7. 7. Building Brand Community on the Harley-Davidson Posse Ride needs and become more aware of the experience that makes riders choose a HD bike. It is not only about understanding the customers but also about learning about their attitudes towards the Harley Davidson brand or engineering input for future designs.. This last type of customer knowledge is more business-related. Summarizing, we can state that the current customer-management interaction is in line with HD’s stated goals. The HOG-events are visited by a public with a relative high income which has in general a positive influence on the places which they visit. HOG-events are not associated with outlaw biker gangs, meeting one of the first requests of the HOG. Furthermore the HOG is founded with the aim of improving the Harley Davidson lifestyle experience and to bring the company close to its customers. No doubt that also these premises are met as the participants are extremely enthusiastic and are very passionate about the Harley experience. Furthermore it is clear that customer and company gain closeness through HOG rides. This is also true for local dealerships which host local chapters and thus get the chance of establishing a direct contact with their customers. 4.3. What should the HOG managers’ role, and therefore Harley Davidson’s role be, in the development of this community? Are they the owner of the community? The HOG has an essential role in developing the community since they are initiators and organizers of the rides. In our opinion, they should continue with developing the HOG community for several reasons. Firstly, the company gets the opportunity to learn valuable information about its customers; deeper and more elaborate than any quantitative data, customer profile information can be used to customize marketing plans and develop better products in the future. Furthermore since the members of this community are spending more money on Harley Davidson products than non-members, the decision to continue developing the community is very sensible from a profit perspective. Active members have a higher value and spend more on vehicle purchases, part and accessories and general merchandise than not- active members, who in turn spend more than non-members. Group 4 - E.L. Mulder, C. Neghina, D. Oosterveer, L. Partouns, S. Voet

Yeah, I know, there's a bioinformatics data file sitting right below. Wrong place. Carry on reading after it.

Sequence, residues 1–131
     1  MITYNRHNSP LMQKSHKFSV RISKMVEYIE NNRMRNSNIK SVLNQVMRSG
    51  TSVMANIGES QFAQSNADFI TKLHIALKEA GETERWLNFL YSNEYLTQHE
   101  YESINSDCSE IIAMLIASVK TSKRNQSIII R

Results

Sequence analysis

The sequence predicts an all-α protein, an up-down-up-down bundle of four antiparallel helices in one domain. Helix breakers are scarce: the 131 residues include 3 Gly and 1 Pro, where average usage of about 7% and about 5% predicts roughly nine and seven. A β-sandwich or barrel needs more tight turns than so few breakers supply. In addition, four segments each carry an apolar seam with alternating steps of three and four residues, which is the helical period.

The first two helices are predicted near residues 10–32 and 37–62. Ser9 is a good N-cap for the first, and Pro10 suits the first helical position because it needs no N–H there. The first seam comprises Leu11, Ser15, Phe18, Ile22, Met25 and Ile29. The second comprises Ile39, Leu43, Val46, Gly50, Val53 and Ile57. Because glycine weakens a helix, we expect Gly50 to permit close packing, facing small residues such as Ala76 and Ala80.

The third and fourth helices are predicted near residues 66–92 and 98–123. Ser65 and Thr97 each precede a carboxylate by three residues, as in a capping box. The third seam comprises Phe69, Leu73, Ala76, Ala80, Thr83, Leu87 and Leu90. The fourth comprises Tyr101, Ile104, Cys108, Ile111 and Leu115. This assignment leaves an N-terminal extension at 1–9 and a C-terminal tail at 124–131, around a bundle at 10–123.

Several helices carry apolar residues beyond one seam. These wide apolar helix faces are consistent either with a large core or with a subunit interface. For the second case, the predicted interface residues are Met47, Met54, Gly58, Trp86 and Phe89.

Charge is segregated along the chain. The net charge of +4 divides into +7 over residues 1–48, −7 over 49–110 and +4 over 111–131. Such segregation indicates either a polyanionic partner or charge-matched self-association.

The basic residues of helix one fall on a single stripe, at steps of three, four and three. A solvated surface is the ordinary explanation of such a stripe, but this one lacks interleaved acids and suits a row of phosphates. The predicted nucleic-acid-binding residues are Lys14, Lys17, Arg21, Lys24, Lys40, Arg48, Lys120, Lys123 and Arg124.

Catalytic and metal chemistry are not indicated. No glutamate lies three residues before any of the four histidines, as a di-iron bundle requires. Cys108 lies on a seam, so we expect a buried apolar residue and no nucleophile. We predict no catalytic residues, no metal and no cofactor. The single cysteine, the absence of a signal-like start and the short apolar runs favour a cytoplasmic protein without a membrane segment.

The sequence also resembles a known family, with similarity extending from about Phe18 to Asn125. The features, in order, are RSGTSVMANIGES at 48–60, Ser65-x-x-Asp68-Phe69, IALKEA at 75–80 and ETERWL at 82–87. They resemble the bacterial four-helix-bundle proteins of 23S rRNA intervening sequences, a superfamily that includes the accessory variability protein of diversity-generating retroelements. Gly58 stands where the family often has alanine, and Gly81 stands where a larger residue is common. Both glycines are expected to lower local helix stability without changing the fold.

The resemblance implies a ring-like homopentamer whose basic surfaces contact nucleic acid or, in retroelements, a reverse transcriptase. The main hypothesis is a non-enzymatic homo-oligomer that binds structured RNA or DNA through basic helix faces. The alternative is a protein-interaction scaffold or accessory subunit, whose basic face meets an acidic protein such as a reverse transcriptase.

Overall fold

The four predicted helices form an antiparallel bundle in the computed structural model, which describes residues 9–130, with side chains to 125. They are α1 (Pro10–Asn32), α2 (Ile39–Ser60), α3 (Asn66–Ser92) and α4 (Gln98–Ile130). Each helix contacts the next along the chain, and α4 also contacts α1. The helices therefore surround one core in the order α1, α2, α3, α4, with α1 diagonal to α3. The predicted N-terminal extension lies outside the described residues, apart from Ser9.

8. 8. Building Brand Community on the Harley-Davidson Posse Ride Lastly, the community complies with HOG’s goals thus contributing to the success of the company. However, building a community with hundreds or even thousands of Harley bikers is not an activity easy to control. HOG’s success depends mainly on the behavior of the participants and their personal perception of the activities which are not fully controllable, and can fluctuate. Even if HOG stops organizing ‘community’ events, there is still a chance impromptu member activities will continue without the involvement of HOG indicating that HOG does not have complete control over the community. However HOG has certainly an influential role in this area. 5. How would the Posse ride contribute to HD’s corporate goals? How would it contribute to its financial objectives? Should the company work harder to improve ROI of the Posse ride? Harley Davidson’s mission is to “fulfill dreams “ (Fournier, 2000, p.7) The Posse rides offer their participants the chance to escape their daily routines and embark in the journey of their lives, a journey they probably would not dare to take otherwise. Moreover, in line with HD’s goal of having a customer-centric business model, the events provide valuable insight into the mind and heart of the Harley Davidson consumer and their relationship and experience with the Harley bike. Harley Davidson has always taken pride in the quality of their products, so seeing them in action on the road and observing the interaction between the user and the product can provide insights for engineers that are looking to constantly improve the HD bikes and may be a smart way of detecting early problems in the manufacturing line. For Harley Davidson success and tradition are important parts of the corporate strategy. Ensuring a tradition of similar events and consistency can help strengthen the core brand by reinforcing the key values of the company. Active HOG members such as the ones that participate in the Posse rides contribute over $575,0001 more than regular ones to HD’s 1 Estimate for 500 participants. Group 4 - E.L. Mulder, C. Neghina, D. Oosterveer, L. Partouns, S. Voet